When Glenn Beck made his debut on CNN’s Headline News, I quickly dismissed him as the rodeo clown of talk television; a loud and wrong swindler who impishly welled up with an eyeful of tears at the mention of any and all things American. He was, at least in my mind, an annoying but benign media fabrication.
Now though, Beck has managed to encroach upon the sacred ground of African-American history with his inane ramblings and for that, he should garner the contempt of every African American who still holds dear the struggles of ancestors whose blood, sweat, and genius are the foundation upon which this country is built.
On a recent installment of his ‘Founders Friday’ series, Beck paraded a series of contrived stories before his audience in an effort to convince them that the founders of this country were both black and white. Who knew?!
“What you don’t see in this painting (Battle of Lexington) are the equal number of whites and blacks. They were white and black patriots,” said Beck. Fact: African-Americans were captured, torn away from their families, and brought to America as slaves, not as founders. Our ancestors were brought here as commodities to be used to build and grow the wealth of white people. There is no free will in this scenario. Our progenitors were robbed of the fundamental freedom bestowed upon all living creatures and all of their behaviors during this period extended from that point of insipid exploitation.
The trajectory of our collective experience still reflects the measure to which we were methodically reduced by every rape, every sale, every lynching, and every beating and twisted perversion of our henchmen. It is therefore a contemptuous allegation for anyone to place African Americans in a position of ownership during a period in which we were chattel.
But Glenn Beck’s attempt at re-writing history cannot be categorized alongside the usual bumbling and foolhardy nonsense we’ve grown accustomed to from him. This current web he’s spinning for his mostly white audience has a much more nefarious plot than what you’d normally expect from the oafish Beck.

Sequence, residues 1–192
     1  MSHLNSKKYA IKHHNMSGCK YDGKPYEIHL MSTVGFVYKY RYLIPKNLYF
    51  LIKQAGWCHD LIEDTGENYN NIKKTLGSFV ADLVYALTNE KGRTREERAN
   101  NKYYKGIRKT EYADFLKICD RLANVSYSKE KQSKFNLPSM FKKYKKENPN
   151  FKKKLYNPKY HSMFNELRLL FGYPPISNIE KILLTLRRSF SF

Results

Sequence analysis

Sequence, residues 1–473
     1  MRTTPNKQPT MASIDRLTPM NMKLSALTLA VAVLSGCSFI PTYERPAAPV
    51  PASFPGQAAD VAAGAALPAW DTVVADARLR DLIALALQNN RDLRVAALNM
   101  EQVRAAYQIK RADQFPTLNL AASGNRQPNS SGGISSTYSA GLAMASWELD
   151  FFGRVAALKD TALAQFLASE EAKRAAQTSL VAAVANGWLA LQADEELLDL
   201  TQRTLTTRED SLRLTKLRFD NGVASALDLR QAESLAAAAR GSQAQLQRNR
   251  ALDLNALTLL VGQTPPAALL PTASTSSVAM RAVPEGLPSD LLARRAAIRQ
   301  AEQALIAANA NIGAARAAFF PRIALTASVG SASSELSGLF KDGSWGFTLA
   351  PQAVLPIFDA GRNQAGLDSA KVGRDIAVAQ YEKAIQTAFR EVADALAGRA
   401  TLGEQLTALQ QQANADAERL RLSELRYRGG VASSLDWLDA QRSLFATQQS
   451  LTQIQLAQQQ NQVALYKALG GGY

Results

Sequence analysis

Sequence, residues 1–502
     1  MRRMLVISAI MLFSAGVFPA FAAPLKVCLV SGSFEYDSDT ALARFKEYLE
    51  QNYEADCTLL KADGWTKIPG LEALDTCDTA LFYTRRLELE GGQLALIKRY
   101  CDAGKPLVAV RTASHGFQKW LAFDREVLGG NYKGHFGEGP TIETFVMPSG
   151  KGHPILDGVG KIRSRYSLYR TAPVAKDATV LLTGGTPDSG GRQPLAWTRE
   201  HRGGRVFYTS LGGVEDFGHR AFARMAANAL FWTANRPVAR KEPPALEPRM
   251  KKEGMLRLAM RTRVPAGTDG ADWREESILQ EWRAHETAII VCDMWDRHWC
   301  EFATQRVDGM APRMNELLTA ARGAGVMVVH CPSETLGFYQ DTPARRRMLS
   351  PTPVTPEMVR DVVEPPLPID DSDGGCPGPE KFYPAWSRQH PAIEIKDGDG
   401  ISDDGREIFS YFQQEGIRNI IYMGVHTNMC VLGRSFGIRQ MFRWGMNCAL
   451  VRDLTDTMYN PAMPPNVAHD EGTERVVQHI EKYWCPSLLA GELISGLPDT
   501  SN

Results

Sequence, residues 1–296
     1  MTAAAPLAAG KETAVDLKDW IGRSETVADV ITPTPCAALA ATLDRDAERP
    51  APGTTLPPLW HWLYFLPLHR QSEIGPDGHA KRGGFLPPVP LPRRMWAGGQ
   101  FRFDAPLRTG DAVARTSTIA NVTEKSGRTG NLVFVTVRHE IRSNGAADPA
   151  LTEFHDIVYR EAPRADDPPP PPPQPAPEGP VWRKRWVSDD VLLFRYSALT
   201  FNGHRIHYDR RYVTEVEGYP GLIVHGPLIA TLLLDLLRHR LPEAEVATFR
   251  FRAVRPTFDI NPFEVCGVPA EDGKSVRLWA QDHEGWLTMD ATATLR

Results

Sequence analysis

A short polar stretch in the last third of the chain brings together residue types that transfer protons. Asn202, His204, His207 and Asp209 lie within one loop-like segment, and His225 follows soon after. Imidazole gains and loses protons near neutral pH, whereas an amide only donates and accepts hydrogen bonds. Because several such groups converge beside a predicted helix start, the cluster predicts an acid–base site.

Beck would love nothing more than to blur the line which existed between master and slave during the revolutionary era as it would lay the foundation for a bogus retelling of history. In Beck’s account of the historical events of this period, blacks and whites were partners.
Such a lopsided view of history reduces the culpability of the white community and, if allowed to propagate, forces the collective African-American narrative to recede into the backdrop of other less divisive societal calamities. If left in the hands of money grubbing charlatans of the Glenn Beck variety, our historical suffering will be diminished to the point of non-recognition.
The lineage of African-American history, a centerpiece of which is African-American slavery and oppression, belongs solely to its heirs. Glenn Beck should keep his grubby little paws off a historical perspective which he doesn’t own and obviously doesn’t understand since he, and those like him, are so far removed from human suffering that they’re unable to spot the glaring hypocrisy in their own assertions.
It is now time for the African-American community to reclaim the African American narrative. It is our torment, our despair, our struggle, our overcoming and ultimately, our story to tell. Glenn Beck may be successful at pulling the wool over the eyes of those who haven’t yet experienced the effects of living in a duplicitous society which schemes to camouflage all painful truths with complex ambiguities, but we have and we know better.
We know Glenn Beck’s agenda because of what we’ve lived, and it is our responsibility to take back our history because of the knowledge that our experience has bestowed upon us. Tell Glenn Beck that he’s free to toy around all he’d like with his white boards and dry erase pens, but African-American history is off limits.